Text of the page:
Dick Spake/Safety Director
NUISANCE CANADA GOOSE MANAGEMENT
The Indiana DNR has provided new information about Canada goose management. The following are excerpts from the DNR web site at www.in.gov/dnr/fishwild/hunt/geese/.
Regulations and Community Actions
New rules went into effect in September 2006. The Indiana Division of Fish and Wildlife will still issue permits for agricultural depredation and trapping activities concerning resident Canada geese. However, landowners and managers of public lands can register online directly with the United States Fish and Wildlife Service at www.fws.gov/permits/mbpermits/gooseeggregistration.html to receive permission for egg and nest destruction activities. An annual report must be filed by October 31 of the same calendar year the nest and egg destruction was completed, by logging onto www.fws.gov/permits/mbpermits/gooseeggregistration.html. If no report is filed, the landowner could be denied permission in future years. Nest and egg destruction permits will no longer be issued through the Indiana Division of Fish and Wildlife.
Nest and Egg Destruction
It is against federal law for anyone to destroy a Canada goose nest that contains one or more eggs without first securing permission through the United States Fish and Wildlife Service. Permission may be received by registering online at www.fws.gov/permits/mbpermits/gooseeggregistration.html. Landowners must register each employee or agent working on their behalf. Once registered, egg treatment or nest destruction can occur. Be cautious if attempting to conduct these activities yourself as Canada geese are very aggressive during the nesting period and may attack a person coming close to their nest. The only two methods of nest and egg destruction that are approved is the oiling of the eggs and the complete removal of the eggs and nest. The eggs can be treated by using food grade corn oil only and placed back in the nest. This will trick the goose into sitting on the eggs for an extended time, but they will not hatch. The oil blocks the pores on the eggshell and the egg becomes unviable. See the APHIS technical note for further detailed instructions at www.aphis.usda.gov/lpa/pubs/tn_wseggoil.pdf. Nest removal with eggs present is an effective way to reduce goose reproduction and reduce the local goose population in the long-term. If the goose can be seen on the nest, remove the nest after she has been sitting on her eggs for 14 days. If the nest is taken earlier, she is likely to re-nest and lay new eggs, so it is important to wait for 14 days after the last egg is laid. It is probably better to leave the eggs a few days longer than two weeks, rather than take them too early. If the goose cannot be seen on her nest, the following guidelines should be used. Remove any nests that contain eggs that are warm to the touch during the following periods:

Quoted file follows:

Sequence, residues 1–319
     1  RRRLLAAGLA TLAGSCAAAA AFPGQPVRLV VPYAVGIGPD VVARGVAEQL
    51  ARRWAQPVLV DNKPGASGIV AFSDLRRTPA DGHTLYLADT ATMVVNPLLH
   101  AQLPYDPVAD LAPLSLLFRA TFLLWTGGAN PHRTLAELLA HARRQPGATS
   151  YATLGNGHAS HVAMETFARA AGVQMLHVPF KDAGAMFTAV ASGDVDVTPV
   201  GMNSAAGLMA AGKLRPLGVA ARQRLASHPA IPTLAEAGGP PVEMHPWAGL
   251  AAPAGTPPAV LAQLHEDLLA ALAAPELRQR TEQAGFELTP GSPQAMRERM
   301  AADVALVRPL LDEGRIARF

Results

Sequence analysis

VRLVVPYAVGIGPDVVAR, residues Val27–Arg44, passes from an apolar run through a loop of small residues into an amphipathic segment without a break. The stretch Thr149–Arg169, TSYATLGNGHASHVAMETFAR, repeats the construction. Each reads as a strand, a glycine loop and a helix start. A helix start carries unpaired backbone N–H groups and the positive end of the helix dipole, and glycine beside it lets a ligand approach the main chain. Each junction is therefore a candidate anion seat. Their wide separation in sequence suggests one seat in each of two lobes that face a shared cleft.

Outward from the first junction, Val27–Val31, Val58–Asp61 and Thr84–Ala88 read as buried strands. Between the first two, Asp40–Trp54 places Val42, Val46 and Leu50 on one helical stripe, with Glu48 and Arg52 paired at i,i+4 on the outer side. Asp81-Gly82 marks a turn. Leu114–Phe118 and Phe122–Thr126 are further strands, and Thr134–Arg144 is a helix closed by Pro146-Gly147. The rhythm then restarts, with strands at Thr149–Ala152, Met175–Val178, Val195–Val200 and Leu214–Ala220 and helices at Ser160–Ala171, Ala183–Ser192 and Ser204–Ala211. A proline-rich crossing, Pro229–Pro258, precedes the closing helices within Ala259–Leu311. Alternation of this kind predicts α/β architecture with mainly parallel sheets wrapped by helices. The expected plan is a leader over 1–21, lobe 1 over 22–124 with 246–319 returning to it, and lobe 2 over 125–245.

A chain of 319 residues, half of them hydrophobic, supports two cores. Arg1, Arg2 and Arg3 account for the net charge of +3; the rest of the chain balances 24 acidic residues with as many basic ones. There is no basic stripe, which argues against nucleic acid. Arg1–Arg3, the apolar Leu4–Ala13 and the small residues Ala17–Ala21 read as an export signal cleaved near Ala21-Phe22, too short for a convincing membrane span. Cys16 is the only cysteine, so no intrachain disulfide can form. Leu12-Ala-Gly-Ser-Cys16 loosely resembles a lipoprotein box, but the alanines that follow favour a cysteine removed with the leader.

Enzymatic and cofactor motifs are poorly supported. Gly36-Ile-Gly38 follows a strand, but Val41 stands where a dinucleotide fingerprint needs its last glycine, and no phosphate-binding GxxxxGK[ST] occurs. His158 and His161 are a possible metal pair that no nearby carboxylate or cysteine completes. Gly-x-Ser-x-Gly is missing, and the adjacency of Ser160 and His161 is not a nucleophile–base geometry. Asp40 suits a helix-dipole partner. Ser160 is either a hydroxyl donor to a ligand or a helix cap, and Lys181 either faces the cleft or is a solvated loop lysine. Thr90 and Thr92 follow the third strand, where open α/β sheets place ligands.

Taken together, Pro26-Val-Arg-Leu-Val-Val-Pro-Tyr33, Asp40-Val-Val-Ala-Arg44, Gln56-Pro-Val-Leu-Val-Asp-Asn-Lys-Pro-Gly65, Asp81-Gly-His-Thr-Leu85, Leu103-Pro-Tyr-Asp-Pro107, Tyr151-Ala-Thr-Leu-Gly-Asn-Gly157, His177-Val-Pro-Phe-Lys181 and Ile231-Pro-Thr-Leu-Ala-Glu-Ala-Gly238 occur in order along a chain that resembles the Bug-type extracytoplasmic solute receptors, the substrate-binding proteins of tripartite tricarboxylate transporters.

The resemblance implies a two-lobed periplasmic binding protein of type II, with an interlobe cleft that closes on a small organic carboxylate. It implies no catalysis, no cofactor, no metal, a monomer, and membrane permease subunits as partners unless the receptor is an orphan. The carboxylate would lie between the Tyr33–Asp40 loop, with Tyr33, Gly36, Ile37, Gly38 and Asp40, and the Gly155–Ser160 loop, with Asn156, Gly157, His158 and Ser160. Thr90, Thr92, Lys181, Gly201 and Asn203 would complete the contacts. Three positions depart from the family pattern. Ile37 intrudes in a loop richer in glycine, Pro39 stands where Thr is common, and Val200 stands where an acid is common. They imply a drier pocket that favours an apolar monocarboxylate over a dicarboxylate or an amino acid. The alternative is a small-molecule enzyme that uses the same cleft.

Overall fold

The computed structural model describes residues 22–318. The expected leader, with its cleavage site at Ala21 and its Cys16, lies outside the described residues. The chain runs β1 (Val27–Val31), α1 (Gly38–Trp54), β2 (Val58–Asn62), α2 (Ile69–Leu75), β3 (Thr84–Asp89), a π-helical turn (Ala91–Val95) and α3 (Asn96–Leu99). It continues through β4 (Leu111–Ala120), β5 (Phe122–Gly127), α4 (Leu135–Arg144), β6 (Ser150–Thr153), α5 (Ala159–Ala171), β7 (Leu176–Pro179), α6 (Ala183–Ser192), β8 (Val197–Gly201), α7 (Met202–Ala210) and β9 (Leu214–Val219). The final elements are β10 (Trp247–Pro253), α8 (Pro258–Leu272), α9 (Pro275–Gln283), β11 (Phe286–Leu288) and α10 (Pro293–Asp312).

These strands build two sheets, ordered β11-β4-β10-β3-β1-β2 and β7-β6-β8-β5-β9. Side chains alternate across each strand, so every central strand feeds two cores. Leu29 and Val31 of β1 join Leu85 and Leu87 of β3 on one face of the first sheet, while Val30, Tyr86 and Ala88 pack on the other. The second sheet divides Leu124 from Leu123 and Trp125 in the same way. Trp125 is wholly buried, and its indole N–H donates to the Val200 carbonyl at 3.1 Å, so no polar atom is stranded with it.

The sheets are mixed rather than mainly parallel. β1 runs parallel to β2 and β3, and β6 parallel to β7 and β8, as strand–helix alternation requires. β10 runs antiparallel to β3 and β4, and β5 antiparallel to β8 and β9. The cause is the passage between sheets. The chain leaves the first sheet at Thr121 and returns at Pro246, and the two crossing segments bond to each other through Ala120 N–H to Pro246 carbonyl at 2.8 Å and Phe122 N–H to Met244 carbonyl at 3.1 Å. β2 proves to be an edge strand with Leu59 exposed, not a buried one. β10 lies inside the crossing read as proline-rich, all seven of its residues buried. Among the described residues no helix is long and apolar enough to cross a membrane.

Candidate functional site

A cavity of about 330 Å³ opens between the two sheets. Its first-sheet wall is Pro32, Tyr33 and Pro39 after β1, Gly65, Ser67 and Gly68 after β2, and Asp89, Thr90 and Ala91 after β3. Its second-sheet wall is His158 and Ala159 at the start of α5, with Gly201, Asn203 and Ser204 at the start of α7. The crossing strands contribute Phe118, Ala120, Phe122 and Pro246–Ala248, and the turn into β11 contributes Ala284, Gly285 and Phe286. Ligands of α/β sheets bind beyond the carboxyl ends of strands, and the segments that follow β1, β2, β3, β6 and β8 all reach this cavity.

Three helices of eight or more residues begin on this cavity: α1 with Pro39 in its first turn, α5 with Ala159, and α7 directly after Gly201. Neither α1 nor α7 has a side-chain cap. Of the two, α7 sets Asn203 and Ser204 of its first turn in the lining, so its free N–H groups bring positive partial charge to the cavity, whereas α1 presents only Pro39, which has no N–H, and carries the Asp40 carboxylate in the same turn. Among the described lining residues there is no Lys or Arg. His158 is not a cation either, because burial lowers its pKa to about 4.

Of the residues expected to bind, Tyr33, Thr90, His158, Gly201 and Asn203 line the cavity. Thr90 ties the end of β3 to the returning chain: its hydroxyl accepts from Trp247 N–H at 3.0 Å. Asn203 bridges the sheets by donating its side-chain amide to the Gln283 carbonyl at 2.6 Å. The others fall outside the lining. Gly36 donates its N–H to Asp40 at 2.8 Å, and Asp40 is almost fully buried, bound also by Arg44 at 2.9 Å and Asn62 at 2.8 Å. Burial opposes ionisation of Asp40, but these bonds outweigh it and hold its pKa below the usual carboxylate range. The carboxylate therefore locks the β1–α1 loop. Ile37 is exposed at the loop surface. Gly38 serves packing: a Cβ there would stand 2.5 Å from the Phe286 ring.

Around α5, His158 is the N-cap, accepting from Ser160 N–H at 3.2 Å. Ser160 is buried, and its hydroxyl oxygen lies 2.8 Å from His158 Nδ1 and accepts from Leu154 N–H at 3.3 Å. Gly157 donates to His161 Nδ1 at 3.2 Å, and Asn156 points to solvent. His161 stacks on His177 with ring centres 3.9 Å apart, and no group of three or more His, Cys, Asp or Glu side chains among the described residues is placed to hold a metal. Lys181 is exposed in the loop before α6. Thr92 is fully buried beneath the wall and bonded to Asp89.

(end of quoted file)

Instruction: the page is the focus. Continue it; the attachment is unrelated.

From Lafayette north: The week of April 9 th (about the second full week in April). From Lafayette south to Bedford: The week of April 2 nd (about the first full week of April). From Bedford south to the Ohio River: The week of March 26 th (the last full week of March).
Editors Note: The above links in the canada goose article are no longer current. Currently we are searching for the new links.
Pier and Shoreline Overview
by Jim Price, Conservation Officer
Please understand that this is not a comprehensive guide to all laws pertaining our lakes and temporary structures. My best advice would be that if you are unsure about an activity or project, call an authoritative agency and find out for sure.
Keep in mind that the civil penalties can be quite harsh, they are in place to insure compliance with the law and judicial decisions. The DNR would much rather gain compliance without needing to levy civil penalties.
You will find the Indiana Administrative Code that pertains to temporary structures found in 312 IAC 11.
A temporary structure can be a pier, boat lift, swim raft or bouy. It must be easily removed without requiring machinery to move. If a pier it must be supported by auger poles no larger than 3 ½ inches in diameter and they cannot be mounted in or comprised of concrete or cement. If a boat lift, it may have a canvas top or sides, supported in the same manner as a pier(auger poles w/ no concrete) or simply rest on the lake bed. Boat lifts cannot be wider than 10’ or longer than 20’.
General license means you are authorized for the specific activity without being required to obtain a written license or permit. General licensing includes temporary structures, dry hydrants and refacing a lawfully placed seawall with glacial stone. If you do not fall under this criteria, it does not mean you cannot have the structure, it simply means that you must obtain a written permit first. To qualify for general license(no written permit) the structure MUST: